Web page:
Wednesday 16 October 2019

'We are quite isolated this week... It's probably ideal'

Schmidt takes team out of concrete jungle to focus on Japan but talk of an inevitable quarter-final isn’t entertained

Joe Schmidt is keen for his Ireland players to give Japan total respect. Photo: Brendan Moran/Sportsfile
Joe Schmidt is keen for his Ireland players to give Japan total respect. Photo: Brendan Moran/Sportsfile

Rúaidhrí O'Connor

Day one of the 26-day phoney war ahead of the match we all know is going to happen on October 20.

Before Ireland play South Africa in the toughest quarter-final they've faced since meeting Australia in 1991, they must go through the process of paying due respect to Japan, Russia and Samoa and treating each game seriously.

In the giddy aftermath of Sunday's win over Scotland that set Joe Schmidt's side on a collision course with Rassie Erasmus's Springboks, there was a willingness to discuss the inevitable. Yesterday, that giddiness subsided and pragmatism reigned.

Before they departed Yokohama, Ireland put logistics man Ger Carmody and prop Cian Healy up for interview and the Leinster man wasn't about to go down the road of discussing any potential last-eight opponents.

Over in Nagoya, the Boks put forwards coach Matt Proudfoot up for interview and he claimed not to have seen Ireland's 27-3 win, although he subsequently offered a suspiciously clear analysis of the game.


So, they dance around the topic in that way professional sportspeople do. Perhaps they are sparing us by refusing to engage, because a month of build-up would put anyone over the edge.

Ireland, of course, have the small matter of a six-day turnaround and a meeting with the hosts to focus their attention.

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They got the bullet train south to hot and sticky Shizuoka where they are staying at the Katsuragi Golf Club; a fact Schmidt has gone to the trouble of mentioning twice now in separate interviews.

After almost 10 days in the concrete jungle, it offers a change of pace.

Schmidt always gives opponents his full attention and, knowing the Japanese coaches Jamie Joseph and Tony Brown well, he will be wary of what they can produce in front of their home support.

"I was talking to a couple of my brothers who were at the game yesterday, and a whole bunch of supporters who were there, and they said to me, 'It must be great to play away and always play at home'," Schmidt said.

"'The Fields of Athenry' was being pumped out, it felt like a home stadium in Yokohama so hopefully there will be a few Irish who get to Shizuoka and get to Ecopa Stadium and get behind us.

"But I've no doubt the Japanese will have the majority of support, being the home nation.

"We're out at a country hotel, it's a very traditional Japanese hotel and we are quite isolated this week.

"So I think it's probably ideal for us not to have too many distractions, to be the sole occupants of a little and very traditional Japanese hotel in the week that we're playing Japan. It's probably a little bit unique."

Japan's highly-regarded coaching ticket is giving him food for thought.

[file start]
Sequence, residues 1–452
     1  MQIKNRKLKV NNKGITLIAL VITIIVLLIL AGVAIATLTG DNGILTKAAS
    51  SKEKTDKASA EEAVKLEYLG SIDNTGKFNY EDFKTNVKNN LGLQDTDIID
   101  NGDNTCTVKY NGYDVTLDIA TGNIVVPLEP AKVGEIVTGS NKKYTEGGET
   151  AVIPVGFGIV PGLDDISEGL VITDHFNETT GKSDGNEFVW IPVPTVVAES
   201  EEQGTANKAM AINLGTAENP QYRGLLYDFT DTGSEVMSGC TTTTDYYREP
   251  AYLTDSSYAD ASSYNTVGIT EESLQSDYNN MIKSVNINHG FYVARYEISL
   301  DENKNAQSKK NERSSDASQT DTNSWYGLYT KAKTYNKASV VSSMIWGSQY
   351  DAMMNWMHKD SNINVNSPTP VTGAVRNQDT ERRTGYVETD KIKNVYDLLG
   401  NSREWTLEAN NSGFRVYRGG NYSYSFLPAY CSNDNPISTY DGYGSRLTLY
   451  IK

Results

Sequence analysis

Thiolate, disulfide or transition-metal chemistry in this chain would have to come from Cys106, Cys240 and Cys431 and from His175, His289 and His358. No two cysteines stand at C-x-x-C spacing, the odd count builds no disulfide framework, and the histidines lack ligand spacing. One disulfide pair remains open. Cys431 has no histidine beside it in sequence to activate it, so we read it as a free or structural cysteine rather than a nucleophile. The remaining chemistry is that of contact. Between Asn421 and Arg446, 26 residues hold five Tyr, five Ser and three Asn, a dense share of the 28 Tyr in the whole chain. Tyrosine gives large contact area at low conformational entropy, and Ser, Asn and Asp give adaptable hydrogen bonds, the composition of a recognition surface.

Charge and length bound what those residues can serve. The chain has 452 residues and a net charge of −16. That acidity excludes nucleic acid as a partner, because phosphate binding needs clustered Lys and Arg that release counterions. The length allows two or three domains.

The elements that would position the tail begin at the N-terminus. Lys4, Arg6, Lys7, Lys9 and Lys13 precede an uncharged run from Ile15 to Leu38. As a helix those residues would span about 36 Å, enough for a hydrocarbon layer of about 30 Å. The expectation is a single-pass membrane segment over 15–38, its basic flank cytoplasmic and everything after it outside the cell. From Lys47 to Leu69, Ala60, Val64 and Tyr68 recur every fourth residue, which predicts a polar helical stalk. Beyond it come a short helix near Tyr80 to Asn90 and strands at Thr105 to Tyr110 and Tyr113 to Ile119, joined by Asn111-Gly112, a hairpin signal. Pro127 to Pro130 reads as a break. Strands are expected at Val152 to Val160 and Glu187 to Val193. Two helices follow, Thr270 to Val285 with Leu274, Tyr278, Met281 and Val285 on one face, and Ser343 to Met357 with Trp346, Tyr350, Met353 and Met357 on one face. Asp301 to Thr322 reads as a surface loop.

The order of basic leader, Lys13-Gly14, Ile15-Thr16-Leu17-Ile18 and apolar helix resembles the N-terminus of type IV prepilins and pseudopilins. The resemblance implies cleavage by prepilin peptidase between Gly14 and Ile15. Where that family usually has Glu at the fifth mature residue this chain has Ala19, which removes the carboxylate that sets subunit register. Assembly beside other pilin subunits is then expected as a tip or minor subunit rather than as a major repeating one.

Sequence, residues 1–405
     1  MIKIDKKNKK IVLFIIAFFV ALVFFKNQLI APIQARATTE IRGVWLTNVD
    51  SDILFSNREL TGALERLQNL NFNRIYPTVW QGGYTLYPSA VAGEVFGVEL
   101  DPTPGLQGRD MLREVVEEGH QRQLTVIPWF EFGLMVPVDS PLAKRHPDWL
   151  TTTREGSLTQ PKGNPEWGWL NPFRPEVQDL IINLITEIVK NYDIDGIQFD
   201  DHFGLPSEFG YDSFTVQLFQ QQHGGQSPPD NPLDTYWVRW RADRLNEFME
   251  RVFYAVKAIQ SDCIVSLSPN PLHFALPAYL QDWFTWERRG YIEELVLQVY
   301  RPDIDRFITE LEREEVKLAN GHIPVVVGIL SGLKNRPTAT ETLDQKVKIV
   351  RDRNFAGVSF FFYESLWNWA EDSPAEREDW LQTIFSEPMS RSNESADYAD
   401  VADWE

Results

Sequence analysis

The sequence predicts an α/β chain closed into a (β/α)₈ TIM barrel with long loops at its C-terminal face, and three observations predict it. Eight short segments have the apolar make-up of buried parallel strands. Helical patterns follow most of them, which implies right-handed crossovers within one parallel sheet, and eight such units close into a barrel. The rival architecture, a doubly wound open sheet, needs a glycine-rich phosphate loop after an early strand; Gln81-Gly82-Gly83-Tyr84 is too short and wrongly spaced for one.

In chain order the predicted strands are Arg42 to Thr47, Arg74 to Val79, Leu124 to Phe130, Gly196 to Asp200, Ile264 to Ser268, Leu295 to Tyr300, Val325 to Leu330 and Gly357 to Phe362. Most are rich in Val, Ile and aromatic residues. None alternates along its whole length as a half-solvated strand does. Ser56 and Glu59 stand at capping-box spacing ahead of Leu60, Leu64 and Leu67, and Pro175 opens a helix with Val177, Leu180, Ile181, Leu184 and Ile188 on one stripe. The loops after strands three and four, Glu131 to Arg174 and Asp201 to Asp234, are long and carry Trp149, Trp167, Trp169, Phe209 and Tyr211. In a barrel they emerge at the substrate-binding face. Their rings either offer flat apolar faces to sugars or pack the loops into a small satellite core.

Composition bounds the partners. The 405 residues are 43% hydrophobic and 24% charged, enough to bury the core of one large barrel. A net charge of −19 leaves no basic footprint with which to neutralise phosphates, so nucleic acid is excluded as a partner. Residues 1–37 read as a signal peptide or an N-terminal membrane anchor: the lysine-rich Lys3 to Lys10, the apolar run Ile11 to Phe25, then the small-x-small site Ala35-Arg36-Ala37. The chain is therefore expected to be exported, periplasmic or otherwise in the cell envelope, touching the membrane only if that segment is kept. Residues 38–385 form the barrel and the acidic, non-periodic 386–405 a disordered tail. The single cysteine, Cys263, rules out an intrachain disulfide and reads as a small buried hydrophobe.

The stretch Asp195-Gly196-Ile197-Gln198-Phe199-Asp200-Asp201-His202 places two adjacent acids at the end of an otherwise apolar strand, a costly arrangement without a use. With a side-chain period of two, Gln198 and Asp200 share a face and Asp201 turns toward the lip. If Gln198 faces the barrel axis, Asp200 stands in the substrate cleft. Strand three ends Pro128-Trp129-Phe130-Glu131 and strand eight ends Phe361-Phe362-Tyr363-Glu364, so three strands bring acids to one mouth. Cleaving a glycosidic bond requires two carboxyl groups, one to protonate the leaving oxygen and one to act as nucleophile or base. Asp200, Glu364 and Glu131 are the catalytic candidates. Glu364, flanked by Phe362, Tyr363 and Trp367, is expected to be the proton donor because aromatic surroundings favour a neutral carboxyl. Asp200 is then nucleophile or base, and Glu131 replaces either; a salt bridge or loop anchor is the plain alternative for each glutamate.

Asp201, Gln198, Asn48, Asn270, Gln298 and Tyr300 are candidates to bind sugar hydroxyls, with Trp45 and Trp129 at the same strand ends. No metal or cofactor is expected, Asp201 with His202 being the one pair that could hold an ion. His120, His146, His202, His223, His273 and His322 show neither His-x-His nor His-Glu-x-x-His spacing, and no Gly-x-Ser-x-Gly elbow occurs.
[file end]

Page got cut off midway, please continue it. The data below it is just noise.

"I always thought he was a really good player, Tony Brown, and a super competitor," he said of the former All Black. "I know his brother Cory as well, he was in Connacht and he's gone on and is doing a good job coaching in New Zealand.

"Tony Brown, when he was in Ireland, actually came in and spent three days with us in the national set-up - and it wasn't too long after that we ended up playing against a Tony Brown-coached side, along with Jamie Joseph, in 2017.

"He brings a real understanding of the game and a willingness to play, an encouragement to take a few risks but to be working hard enough on the skill base you have to be able to maximise the potential for those risks to have positive outcomes.

"He's a really good foil for Jamie, who's a pretty hard-nosed character and a top man and I think they've obviously done a terrific job."

Schmidt is considering changes for game two, but it seems unlikely that James Ryan and Conor Murray will be pulled out of the starting XV after the coach was impressed with what he saw from that duo in particular.

"He's able to physically impose himself a little bit more," he said of Ryan.

"He's always been a super athlete but two years ago he was kind of still finding his way but he's also taking more responsibility for the lineout.

"Defensively, he's just a workaholic. He works so hard that he makes the game easier for the players playing either side of him, so I'm sure there's things he's always working away on.

"That's one of the things that I admire most about him, he's certainly never satisfied with the performance.

"He's always looking to improve and I think the more players you can have like that, probably the better position you are in."

The coach honed in on Murray's role in Andrew Conway's try as a particular highlight.

"He actually called to Andrew that it was going to come back his way as he was going to that ruck," Schmidt recalled.

"For him to have that vision, that game sense, that it was going to unfold the way it did, was really important for us. It was the bonus-point try.

"Defensively, we know he's really reliable. I thought some of his kicking was great for us. In the conditions you need a little bit more of that kicking game, so all round I think Conor was relatively satisfied, as were we."

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